When Mom died, Dad was left alone with three boys aged 14, 11 and 8. We were a real-life “My Three Sons.”
He coped the best he could.
“Dad, can we go to Shaky’s for pizza tomorrow?”
“Can we set up the tent this weekend?”
“Can we buy a color TV?”
As a kid, you quickly learned “we’ll see” was a strategic Dad-move to delay answering. This dodged a direct “no,” which avoided the torture of three kids begging, cajoling and whining.
Besides, Dad had wants and desires too. Mainly, the need to chill-out after five 12-hour work days.
Weeknights were off-limits. We’d learned to leave Dad alone after supper. Once he climbed into that recliner with the newspaper and Wild Turkey, his day was over.
Kevin Arnold perfectly described our father on “The Wonder Years.” “He fed us, he housed us, he paid our bills. He certainly couldn’t be expected to talk to us too.”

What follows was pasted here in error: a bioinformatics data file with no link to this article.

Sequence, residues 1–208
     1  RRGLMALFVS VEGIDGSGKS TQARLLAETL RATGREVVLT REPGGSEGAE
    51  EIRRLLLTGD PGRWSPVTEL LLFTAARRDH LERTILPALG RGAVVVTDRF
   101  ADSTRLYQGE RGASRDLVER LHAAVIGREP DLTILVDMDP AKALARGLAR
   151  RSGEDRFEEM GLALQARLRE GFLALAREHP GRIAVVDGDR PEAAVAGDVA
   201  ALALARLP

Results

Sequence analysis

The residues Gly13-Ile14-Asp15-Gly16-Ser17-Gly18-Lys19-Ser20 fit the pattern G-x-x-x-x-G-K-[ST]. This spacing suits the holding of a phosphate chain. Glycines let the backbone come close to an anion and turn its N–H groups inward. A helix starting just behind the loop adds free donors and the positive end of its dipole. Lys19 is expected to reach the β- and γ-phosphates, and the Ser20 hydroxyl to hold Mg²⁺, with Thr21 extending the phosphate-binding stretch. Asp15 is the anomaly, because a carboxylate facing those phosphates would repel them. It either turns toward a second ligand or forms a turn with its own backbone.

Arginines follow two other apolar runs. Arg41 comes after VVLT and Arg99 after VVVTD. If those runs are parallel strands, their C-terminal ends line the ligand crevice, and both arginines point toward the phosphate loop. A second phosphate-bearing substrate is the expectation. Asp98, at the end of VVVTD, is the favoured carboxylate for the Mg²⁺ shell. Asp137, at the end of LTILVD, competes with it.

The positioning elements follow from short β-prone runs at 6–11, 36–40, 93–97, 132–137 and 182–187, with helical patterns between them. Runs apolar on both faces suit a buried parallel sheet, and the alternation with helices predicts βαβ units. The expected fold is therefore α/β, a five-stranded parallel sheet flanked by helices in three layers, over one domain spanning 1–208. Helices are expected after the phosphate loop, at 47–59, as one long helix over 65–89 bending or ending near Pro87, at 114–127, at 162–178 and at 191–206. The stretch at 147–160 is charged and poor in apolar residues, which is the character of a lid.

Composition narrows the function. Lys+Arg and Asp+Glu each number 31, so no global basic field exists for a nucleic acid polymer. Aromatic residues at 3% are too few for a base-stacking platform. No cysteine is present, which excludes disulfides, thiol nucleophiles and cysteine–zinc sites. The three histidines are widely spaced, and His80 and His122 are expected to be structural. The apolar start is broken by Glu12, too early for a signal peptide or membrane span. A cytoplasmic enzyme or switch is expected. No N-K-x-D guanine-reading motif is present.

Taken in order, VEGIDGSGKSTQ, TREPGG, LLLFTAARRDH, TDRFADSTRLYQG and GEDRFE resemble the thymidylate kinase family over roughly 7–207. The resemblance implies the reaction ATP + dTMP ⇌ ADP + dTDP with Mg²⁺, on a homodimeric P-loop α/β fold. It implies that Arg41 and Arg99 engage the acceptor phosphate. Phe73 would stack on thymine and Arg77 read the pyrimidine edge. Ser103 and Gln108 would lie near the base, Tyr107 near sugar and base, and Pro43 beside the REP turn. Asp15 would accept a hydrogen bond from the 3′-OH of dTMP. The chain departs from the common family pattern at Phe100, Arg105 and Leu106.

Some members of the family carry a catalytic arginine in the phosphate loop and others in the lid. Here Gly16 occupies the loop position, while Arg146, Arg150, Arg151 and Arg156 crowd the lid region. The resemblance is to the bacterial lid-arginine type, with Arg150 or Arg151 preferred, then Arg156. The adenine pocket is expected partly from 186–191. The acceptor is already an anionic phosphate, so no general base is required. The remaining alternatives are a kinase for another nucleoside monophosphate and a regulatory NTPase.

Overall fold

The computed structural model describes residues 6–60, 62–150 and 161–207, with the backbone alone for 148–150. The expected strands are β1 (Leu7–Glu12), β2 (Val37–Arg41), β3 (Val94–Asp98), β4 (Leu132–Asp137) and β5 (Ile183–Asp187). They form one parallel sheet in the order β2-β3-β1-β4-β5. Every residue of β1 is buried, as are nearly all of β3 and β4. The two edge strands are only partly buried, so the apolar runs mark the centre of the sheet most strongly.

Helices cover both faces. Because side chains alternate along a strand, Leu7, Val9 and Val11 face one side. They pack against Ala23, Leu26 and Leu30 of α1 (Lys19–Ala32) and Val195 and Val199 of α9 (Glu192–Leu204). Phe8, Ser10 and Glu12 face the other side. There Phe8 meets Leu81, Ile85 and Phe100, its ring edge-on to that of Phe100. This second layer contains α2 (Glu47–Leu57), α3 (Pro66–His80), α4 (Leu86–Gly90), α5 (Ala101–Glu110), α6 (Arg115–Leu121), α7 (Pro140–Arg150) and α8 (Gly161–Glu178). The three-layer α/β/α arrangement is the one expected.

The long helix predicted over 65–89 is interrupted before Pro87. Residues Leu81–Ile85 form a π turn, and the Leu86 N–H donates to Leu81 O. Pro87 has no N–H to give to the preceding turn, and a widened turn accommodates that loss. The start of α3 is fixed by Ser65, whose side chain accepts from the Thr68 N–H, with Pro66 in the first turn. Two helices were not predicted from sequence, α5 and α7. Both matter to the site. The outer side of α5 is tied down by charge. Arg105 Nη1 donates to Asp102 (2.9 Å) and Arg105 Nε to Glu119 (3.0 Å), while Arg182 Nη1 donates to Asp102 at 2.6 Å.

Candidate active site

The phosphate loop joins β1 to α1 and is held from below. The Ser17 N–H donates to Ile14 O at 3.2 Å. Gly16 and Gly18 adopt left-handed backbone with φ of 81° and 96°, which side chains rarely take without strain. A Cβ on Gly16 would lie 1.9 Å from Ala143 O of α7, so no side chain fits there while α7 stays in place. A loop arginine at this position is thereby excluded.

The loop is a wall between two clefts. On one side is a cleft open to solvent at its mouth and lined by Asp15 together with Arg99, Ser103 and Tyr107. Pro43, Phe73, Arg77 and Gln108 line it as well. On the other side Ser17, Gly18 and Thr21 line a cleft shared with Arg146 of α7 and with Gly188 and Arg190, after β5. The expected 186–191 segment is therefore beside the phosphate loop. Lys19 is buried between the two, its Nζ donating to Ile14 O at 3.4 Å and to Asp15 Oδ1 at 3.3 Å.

Dad knew kids never forget a promise. So if he agreed to anything in the future, he was just eating into his upcoming chill-time and limited money.
So it was never a straight answer. It was always “we’ll see.”
So we stopped fighting fair. We’d wait until the weekend then gang-up with a single request. And repeat it until he noticed our commitment and solidarity. Now it was three against one.
But this natural selection process actually worked in Dad’s favor.
Now we were the ones who had to suffer the begging, cajoling and whining among ourselves to agree on the one request. Once unified, the dirty work was done.
If our request was simple and inexpensive, we’d teed it up for Dad to be an easy hero by just saying “yes.”
After slaving 60 hours at the plant to keep us all alive, one simple “yes” let Dad enjoy that warm glow of successful parenting.
For that one, sweet, tender moment, all was well.
Until we asked for the next thing.
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